“Eternal God…You know that these men have testified falsely against me. Would you let me die, though I am not guilty of all their malicious charges?”
This week the daily mass readings begin with the cry of Susannah, unjustly accused by corrupt officials, sentenced to death in the presence of the people. We read that God hears her. But Susannah is not saved by a bolt of lightning striking down her foes, or by being mysteriously transported to safety. God arouses the Holy Spirit stirring a “young lad,” Daniel, a witness in a crowd of impassive witnesses, and this small person shouts, “I will have no part in the death of this woman!”
People in the crowd are startled. Many had been grieved by the proceedings, but this was out of their hands, the elders, the leaders had decided. Yet here is this stirring, “What did you say?” they ask.
And Daniel says to the people, “Have you become fools, you Israelites, to condemn a daughter of Israel without due process and in the absence of clear evidence?”
In this story, the people respond, turning the tables by turning the accusers over for questioning. It is now they who must prove their case, which they fail to do. So Susannah is delivered, back to her family, and the accusers take her place in receiving the full penalty of the law.
I am struck by how clearly this story illustrates that God moves by moving people. Would this providential delivery have been possible had Daniel not responded to the spirit stirring him to speak? What if the people had not listened? What does all of this mean for us in our time?
Hearing this story for the first time, my thoughts immediately went to an outcry that is currently falling on deaf ears. There are 166 men being held at Guantanamo Bay detention center in Cuba. They are held there without due process, accused in the absence of clear evidence. Their detention is indefinite, a torturous reality. Adding insult to injury, the sacred texts of these men of faith are being tampered with and desecrated, letters from their wives and children are censored or withheld. At Guantanamo, more men have died (9) than have been convicted of a crime (6). The men are experiencing a living death, confined to their tomb until the day that their corpse can be released to their family without fear that it will speak of what it has suffered.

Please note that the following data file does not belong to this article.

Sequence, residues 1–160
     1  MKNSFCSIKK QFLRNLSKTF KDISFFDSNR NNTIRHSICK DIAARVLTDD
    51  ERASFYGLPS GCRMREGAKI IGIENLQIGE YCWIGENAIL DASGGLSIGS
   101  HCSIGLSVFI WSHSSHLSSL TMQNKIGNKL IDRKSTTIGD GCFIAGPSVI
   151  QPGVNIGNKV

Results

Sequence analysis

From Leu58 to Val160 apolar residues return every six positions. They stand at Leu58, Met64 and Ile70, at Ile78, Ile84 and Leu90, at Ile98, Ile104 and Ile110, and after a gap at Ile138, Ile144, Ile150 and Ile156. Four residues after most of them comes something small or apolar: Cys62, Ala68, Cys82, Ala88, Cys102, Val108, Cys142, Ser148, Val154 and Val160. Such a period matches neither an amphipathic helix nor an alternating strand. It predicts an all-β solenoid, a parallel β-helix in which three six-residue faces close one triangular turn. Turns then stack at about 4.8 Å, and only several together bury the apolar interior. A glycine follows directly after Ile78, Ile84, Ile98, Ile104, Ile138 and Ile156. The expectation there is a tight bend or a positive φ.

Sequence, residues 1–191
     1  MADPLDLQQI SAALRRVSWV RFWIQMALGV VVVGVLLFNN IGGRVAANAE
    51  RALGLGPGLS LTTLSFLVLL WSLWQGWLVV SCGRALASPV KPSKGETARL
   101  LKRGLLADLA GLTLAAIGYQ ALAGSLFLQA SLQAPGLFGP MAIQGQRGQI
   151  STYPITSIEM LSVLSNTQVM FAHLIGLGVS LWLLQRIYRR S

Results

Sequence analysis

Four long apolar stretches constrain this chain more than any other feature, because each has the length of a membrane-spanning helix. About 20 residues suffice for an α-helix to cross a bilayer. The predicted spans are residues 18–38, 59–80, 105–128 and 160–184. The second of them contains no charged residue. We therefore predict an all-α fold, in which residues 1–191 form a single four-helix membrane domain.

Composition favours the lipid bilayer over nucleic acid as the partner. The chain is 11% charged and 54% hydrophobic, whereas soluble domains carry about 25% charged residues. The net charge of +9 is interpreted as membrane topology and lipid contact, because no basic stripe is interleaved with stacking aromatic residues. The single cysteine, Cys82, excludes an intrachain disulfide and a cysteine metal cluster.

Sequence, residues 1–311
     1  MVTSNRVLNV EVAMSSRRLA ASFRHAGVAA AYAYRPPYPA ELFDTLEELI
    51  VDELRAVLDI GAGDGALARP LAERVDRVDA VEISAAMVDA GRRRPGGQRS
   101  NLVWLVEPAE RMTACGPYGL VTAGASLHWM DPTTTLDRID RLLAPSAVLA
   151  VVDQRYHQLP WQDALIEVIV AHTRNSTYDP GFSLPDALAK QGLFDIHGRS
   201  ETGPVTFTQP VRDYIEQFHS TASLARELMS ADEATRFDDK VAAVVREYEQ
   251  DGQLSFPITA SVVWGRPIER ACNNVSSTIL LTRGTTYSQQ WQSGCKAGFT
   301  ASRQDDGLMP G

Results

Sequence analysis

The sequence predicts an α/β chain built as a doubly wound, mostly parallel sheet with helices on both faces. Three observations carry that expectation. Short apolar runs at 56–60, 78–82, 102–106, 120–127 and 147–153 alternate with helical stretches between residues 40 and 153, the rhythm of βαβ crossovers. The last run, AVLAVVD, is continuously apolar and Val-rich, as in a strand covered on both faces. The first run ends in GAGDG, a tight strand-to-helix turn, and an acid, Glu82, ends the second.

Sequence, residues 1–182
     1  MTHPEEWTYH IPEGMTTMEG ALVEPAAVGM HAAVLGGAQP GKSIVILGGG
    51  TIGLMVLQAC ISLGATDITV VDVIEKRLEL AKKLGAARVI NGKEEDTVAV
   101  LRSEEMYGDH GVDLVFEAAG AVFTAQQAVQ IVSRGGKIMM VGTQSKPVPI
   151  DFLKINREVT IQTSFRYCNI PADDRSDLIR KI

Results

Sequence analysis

Yet the men there are finding ways to cry out, to God, to their captors, to this crowd of people in the United States, to us. They are using the only tool they have left, their own body, hunger striking. They are not demanding release, only humane treatment, just procedures.
As a woman of faith, I sense the Holy Spirit seeking to arouse a voice in the crowd. We are given the example of Daniel for a reason. God desires compassion and justice and these divine gifts come through people who respond. But what can we do, when the prisoners are not standing directly before us, when the crowd is not crushing about us?
We can still adopt and adapt Daniel’s words, “I will have no part in the death of these men,” “Have we become fools, to condemn men without due process and in the absence of clear evidence?” And we can find the crowds to speak it to, and draw a crowd to speak it with us.
Witness Against Torture (WAT), a group of men and women from across the United States, has been seeking an end to indefinite detention, due process and resettlement for those detained, and the closure of Guantanamo Bay detention center since 2005. Together we are responding to the hunger strikes with tangible actions. Beginning March 24th (Holy Week, for those in the Catholic tradition) we will hold a seven day solidarity fast. Throughout that week we encourage people to call the White House; send letters to the prisoners acknowledging that they have been heard by the public, even if officials have yet to respond; join us for vigils (see witnesstorture.org to find out if there are any happening in your city, or start your own); participate in the fast for a day or more; spread the news in any way you can.
Adnan Latif, a Muslim man who, after eleven years of detention, died at Guantanamo wrote a poignant poem in which he asks, “Who will save the hunger striker?” He died, without ever having been proved guilty of “all their malicious charges.” How many deaths before the cry is heard?